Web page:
We got out of the first train and I quickly realized the next train would come on the same track, so we sat and waited up to two minutes before the next train came. That ride was maybe ten or fifteen minutes long. When we got out, the walkway was completely packed with people, which made me worry because of the crowds and because our flight was in just over an hour.

As we walked this wide corridor I saw signs for Terminals A, B, C and D, but I had no idea which one we needed. I stopped, checked my ticket and couldn’t see it stated. We just kept walking/running, and finally, as we came out of the corridor, I saw a sign and quickly checked and saw which terminal we needed. Of course it was D, the one that was the furthest away. Still almost running, we headed toward D. I was waffling between feeling like we would make it and also just hoping that we would. The flight was so cheap, so that wouldn’t have been the loss – but trying to find a new one, messing up our plans, having to either sleep again somewhere in Berlin or somewhere new in London – I didn’t want to even go there in my mind.

When we got to the first door of D I quickly looked around and found the Easyjet counter we needed but in front of it was one of those zig zag lines that crossed back and forth at least ten times. The crowd was huge. We got in line right away, but my heart sank. I didn’t see how we could get out.

I went to the bathroom where there also was a line, so I came back out, too nervous to stay in a small, smelly room with a line. I asked an EasyJet employee what he thought we should do. He said to just get back in line, that we would make it. The long line was moving fast, but since it was now less than an hour before takeoff and we also needed to get through security, part of me was still worried. Another part of me thought they would have to take care of us since they want their passengers on their flights.

Sure enough, suddenly the large man I had asked ten to fifteen minutes prior suddenly yelled out “London Luton? London Luton? Here number 28 and 29,” and he started opening up the gates to let us out of the long line. I told Cora, “go, go.” So we got into the next line and waited there. Finally having checked our bag, we got into the next long line for security. That was stressful trying to unpack things and Cora also temporarily panicking that we left her bathroom bag in the hotel, not realizing it was in the suitcase we had just checked, but we got through.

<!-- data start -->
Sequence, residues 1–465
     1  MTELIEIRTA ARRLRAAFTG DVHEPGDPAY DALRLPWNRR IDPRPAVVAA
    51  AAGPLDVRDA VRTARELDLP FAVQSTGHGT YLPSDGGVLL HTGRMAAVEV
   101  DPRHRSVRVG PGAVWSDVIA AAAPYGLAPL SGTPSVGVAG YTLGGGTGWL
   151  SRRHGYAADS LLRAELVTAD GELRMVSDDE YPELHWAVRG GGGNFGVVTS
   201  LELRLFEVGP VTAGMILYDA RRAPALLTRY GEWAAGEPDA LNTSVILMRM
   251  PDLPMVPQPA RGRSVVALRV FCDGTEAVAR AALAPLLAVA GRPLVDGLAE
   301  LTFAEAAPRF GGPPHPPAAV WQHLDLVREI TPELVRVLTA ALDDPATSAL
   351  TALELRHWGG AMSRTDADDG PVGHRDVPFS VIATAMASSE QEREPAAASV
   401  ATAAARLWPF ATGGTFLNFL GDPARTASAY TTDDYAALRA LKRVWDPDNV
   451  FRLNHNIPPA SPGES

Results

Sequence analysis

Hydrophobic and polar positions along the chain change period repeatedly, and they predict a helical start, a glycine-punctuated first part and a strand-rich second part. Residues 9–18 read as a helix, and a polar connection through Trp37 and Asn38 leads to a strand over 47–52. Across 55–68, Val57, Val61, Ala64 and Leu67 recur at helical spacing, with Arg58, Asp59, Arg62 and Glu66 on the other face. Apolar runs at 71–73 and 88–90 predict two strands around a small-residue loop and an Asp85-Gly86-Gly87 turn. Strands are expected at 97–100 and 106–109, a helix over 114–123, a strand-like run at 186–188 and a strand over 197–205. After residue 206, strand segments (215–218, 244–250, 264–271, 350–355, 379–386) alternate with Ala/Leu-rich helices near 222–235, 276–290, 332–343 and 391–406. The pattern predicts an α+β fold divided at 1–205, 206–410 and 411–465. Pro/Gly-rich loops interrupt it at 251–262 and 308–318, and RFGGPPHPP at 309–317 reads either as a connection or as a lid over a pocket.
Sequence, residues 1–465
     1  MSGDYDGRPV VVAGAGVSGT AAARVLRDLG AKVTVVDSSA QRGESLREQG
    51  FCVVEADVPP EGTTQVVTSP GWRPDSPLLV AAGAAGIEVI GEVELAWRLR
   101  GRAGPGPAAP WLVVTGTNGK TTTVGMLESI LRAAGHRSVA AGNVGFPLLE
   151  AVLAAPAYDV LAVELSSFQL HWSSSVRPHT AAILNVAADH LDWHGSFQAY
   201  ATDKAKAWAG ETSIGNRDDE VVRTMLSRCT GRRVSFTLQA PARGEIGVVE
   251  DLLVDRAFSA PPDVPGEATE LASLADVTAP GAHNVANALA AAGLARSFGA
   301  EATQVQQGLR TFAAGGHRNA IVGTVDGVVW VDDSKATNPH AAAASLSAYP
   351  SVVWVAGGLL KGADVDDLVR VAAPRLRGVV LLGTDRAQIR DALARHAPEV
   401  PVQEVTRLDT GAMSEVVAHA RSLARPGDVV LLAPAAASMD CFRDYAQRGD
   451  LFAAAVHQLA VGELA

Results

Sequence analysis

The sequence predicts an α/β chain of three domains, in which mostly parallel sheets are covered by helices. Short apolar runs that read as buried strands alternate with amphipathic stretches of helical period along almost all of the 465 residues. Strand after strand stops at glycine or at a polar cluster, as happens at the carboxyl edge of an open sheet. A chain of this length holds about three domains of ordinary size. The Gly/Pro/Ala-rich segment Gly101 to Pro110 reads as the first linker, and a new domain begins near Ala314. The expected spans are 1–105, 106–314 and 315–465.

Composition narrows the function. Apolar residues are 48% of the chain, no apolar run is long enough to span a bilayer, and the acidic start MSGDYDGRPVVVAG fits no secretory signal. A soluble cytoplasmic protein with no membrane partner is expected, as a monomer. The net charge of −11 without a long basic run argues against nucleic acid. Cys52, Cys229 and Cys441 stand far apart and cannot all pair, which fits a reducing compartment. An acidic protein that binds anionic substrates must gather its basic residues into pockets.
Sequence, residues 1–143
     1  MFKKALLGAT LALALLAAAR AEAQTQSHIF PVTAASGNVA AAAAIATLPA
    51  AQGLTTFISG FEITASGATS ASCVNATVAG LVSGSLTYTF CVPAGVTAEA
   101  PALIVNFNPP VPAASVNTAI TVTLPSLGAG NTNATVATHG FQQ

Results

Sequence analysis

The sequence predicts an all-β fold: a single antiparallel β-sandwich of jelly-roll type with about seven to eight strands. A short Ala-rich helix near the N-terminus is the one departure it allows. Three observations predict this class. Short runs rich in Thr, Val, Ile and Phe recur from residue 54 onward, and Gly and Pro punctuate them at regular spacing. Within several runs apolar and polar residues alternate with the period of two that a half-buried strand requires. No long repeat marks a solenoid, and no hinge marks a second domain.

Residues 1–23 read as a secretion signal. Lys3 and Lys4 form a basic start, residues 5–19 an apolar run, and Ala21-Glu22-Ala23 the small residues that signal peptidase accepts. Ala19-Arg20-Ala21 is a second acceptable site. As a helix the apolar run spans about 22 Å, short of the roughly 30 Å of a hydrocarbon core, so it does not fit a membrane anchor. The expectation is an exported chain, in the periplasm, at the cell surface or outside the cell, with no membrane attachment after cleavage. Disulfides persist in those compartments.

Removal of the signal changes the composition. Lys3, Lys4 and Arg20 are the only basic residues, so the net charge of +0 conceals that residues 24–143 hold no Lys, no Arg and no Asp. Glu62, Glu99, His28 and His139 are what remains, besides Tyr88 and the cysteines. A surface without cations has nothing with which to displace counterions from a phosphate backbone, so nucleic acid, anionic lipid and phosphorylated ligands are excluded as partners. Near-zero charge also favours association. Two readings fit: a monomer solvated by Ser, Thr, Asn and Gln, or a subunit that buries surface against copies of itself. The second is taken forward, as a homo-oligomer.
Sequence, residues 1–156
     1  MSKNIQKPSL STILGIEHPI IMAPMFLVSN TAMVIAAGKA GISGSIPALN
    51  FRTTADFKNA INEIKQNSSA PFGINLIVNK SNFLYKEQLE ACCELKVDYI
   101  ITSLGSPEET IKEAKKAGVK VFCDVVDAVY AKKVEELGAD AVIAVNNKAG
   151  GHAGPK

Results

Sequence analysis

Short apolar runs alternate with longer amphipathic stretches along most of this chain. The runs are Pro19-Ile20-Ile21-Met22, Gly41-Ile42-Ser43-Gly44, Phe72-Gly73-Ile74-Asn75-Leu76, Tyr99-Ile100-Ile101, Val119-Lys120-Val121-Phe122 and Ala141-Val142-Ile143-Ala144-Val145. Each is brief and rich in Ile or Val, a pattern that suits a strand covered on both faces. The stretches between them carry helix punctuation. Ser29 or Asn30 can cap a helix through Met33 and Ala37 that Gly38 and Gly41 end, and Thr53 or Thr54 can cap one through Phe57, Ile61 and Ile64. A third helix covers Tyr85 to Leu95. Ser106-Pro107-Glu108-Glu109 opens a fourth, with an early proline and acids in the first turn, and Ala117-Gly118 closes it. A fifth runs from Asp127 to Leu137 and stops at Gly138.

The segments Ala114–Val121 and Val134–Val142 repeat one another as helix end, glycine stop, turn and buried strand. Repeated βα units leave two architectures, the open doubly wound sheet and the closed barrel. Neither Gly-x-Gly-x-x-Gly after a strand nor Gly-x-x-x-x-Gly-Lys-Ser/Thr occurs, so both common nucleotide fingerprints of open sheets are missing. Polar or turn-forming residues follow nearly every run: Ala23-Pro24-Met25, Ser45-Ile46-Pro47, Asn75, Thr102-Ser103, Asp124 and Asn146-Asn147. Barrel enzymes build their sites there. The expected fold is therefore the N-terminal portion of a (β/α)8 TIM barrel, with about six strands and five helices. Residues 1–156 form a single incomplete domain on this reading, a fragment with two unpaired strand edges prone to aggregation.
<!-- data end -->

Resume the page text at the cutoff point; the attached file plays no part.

Then again I checked what gate number since it wasn’t on my phone, and we walked/ran to the bathroom and then the gate. We finally made it, only to stand and wait fifteen minutes to board. They checked the second wheelie bag for free because the flight was so crowded. That was fine with me. I just grabbed my book and papers out of it.

Waiting to board I just kept breathing. It had been a stressful morning. I keep my mood up, but the stress was still there. I didn’t feel like missing our flight, paying much more for another one, even maybe then having to drive in the dark to arrive in Padstow or to have to stay overnight in London because it was too late. I sat in the plane, and my body felt shaky from the early-morning exercise we had, walking up and down stairs, lifting the suitcases and carrying the heavy backpack. For an international two and a half week trip, we are packed very lightly, but still…and then I got to drive in the UK on the left side of the road for the first time.

Out with the old-fashioned, patriarchal Mrs. title!

I recently made it onto a BBC News page because I submitted comments after reading an article about the woman who coined the term Ms. They edited my comments and included my picture along with comments and photos of a few other women. What fun! It is an important issue, and young women should not voluntarily and knowingly be using the term Mrs. any longer. That is only continuing the linguistic prison we find ourselves in much of the time. Language does matter.

I commented, “Thank you for the article.

This issue is one of my pet peeves and has been for decades. I have had several men tell me I am “too sensitive” and am “expecting too much of others” because of my opinions on these words and titles.

I only ever use Ms. and have used it since I was my early twenties. I am now fifty. I find it insulting that I would be considered a possession of my husband while he is an individual, being a Mr.

I have been frustrated in Europe where Ms. isn’t used so much, so, for example, in Germany, I am Mrs. Gertjejanssen or even Dr. Mrs. Gertjejanssen. “Frau” gets translated as Mrs. instead of Ms. Also, when purchasing an airline ticket there is no Ms. choice on some European airlines.

I am also disappointed in how many young American women use the possessive Mrs. Perhaps they don’t understand the meaning behind it and use it because it is traditional, and they view Ms. as too feminist instead of as an equivalent to Mr.

Thank you again for the article.

Wendy”